Gambia's turbulent transfer of power: How it happened

Yahya Jammeh (File: AFP)
Yahya Jammeh (File: AFP)

Banjul - Gambia's new president is finally arriving in the country, a week after taking the oath of office abroad amid a whirlwind political crisis.

Here's a look at the tumble of events that led to Adama Barrow's return - and the exile of the country's longtime leader.

December 2: President Yahya Jammeh shocks nation by accepting election defeat to Barrow: "Allah is telling me my time is up."

December 9: Jammeh announces he no longer accepts defeat as critics raise possibility of prosecuting him for alleged abuses under his rule: "I hereby reject the results in totality."

December 23: West African regional leaders say they will order a military intervention if Jammeh doesn't leave. "The deadline is January 19, when the mandate of Jammeh expires," says the bloc's president, Marcel de Souza.

January 17: Jammeh declares a state of emergency and blames "unlawful and malicious interference" by the international community.

January 18: Gambia's parliament votes to extend Jammeh's term by three months, while regional forces vows to move in at midnight.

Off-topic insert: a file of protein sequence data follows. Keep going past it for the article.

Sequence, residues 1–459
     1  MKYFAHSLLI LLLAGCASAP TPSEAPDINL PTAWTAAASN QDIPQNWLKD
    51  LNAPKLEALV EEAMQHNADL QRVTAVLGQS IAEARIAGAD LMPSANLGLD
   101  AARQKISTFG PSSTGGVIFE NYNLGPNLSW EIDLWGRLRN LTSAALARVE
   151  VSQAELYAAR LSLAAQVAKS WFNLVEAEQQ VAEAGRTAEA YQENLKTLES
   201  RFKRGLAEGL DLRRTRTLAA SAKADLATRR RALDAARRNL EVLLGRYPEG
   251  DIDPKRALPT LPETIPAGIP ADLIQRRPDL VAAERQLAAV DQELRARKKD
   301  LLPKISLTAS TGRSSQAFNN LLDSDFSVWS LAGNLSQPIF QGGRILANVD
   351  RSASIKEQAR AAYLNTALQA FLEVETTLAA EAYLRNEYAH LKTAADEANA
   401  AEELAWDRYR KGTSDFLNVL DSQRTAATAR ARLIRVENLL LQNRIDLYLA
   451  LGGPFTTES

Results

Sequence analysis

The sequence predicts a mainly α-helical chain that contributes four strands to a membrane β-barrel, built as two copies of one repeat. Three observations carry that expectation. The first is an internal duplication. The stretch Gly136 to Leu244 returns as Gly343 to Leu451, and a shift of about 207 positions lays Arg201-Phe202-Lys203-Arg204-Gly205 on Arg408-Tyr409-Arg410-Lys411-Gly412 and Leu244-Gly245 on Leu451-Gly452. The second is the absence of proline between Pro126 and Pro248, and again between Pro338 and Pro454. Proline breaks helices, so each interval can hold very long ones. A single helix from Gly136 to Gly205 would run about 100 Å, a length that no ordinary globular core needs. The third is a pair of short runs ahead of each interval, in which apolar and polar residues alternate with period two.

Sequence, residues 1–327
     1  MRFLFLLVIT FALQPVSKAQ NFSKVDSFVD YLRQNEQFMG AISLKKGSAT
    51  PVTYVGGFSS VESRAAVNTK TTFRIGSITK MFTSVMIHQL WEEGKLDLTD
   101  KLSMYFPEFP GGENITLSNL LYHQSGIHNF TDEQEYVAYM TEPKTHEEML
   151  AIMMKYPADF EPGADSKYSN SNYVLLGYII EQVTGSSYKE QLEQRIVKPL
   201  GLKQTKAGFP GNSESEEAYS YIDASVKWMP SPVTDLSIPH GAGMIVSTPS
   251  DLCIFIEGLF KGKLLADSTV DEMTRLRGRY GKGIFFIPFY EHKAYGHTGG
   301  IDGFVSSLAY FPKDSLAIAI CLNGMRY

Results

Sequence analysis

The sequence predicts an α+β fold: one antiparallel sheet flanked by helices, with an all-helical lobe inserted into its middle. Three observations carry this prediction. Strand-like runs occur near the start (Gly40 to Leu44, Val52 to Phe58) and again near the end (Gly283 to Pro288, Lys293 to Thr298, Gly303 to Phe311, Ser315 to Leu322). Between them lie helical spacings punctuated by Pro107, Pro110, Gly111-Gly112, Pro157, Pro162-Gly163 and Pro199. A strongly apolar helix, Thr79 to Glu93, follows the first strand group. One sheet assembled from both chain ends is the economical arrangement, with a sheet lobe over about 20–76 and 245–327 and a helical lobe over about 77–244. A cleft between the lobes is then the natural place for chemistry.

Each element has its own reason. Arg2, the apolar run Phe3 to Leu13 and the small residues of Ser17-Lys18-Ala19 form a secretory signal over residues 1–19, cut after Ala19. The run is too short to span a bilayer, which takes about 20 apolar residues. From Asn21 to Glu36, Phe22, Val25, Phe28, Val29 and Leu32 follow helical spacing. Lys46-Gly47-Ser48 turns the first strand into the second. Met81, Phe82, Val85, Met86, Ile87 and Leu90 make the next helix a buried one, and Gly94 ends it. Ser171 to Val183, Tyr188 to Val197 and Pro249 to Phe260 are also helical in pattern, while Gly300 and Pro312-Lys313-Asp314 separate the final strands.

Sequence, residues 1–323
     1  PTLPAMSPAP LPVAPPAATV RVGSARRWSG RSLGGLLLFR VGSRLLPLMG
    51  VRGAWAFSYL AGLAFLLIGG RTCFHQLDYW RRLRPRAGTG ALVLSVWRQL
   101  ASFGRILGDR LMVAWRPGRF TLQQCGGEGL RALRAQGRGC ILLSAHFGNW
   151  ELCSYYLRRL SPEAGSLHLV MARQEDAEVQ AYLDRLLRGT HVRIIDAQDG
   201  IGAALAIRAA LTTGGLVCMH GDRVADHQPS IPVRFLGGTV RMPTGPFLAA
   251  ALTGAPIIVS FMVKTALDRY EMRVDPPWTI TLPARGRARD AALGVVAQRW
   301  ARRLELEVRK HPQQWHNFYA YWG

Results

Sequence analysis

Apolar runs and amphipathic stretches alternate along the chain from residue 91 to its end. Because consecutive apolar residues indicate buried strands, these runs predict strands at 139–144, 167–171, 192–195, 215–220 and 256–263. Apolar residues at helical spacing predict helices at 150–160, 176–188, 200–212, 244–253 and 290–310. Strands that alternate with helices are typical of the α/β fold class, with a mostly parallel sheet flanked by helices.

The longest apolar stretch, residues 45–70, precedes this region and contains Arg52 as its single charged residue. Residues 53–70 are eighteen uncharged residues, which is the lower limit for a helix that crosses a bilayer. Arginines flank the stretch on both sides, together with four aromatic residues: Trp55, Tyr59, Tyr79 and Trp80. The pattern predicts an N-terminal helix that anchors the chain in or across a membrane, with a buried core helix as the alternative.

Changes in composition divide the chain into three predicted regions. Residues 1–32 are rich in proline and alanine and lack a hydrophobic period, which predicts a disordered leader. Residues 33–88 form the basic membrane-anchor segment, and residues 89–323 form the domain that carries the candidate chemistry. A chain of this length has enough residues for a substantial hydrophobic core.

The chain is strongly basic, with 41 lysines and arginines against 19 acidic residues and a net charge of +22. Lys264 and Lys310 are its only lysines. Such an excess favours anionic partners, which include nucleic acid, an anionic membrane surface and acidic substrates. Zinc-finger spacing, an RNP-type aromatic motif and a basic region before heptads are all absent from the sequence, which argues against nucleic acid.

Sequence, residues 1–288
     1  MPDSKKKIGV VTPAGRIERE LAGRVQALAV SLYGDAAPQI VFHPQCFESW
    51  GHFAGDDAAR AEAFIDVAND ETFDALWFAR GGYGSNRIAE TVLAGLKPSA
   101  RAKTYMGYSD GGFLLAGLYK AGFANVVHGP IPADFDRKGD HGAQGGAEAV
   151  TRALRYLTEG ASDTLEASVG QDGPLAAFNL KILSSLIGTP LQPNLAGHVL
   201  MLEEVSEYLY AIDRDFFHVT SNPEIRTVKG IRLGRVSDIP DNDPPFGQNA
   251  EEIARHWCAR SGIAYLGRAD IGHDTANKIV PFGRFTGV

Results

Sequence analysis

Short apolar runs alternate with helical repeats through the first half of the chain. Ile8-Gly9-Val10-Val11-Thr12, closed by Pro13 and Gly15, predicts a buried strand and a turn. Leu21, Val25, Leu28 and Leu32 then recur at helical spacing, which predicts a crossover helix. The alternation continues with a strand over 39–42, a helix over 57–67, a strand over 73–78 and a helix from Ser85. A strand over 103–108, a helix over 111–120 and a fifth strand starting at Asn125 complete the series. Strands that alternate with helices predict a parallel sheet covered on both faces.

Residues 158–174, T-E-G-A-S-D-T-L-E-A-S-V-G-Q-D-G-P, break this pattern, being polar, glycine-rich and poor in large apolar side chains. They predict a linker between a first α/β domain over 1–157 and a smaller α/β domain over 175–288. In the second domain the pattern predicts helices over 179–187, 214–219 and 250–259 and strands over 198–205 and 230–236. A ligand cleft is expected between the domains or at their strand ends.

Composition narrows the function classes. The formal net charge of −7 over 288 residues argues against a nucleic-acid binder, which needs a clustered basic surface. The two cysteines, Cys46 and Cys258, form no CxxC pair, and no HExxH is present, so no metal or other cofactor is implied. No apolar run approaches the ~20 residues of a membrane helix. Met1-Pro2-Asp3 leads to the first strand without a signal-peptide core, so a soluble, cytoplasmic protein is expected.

January 19: Barrow is sworn in at Gambia's embassy in neighboring Senegal, where he has gone for his safety. "Our national flag will now fly high among the most democratic nations of the world," Barrow says. But Jammeh refuses to budge. A Senegalese military spokesperson says the first regional troops cross into Gambia.

January 20: Gambia's defense chief pledges allegiance to Barrow. "We don't see any reason to fight," Ousmane Badjie says. A Senegalese government official says Jammeh agrees to cede power.

January 21: Jammeh announces he has decided to relinquish power: "I think it is not necessary that a single drop of blood be shed." Barrow tells the AP he will launch a truth and reconciliation commission to investigate the alleged abuses of Jammeh's 22-year regime.

Late January 21: Jammeh flies into exile in Equatorial Guinea and life returns to the streets of Gambia's capital. "It's New Year's Eve in Gambia! We are just about to start a new democratic Gambia," says resident Momodou Janneh.

January 22: An adviser to Barrow says Jammeh stole millions of dollars in his final weeks in power, shipping out luxury vehicles by cargo plane. "The coffers are virtually empty," Mai Ahmad Fatty says.

January 25: Officials confirm that Barrow will return to Gambia the next day.

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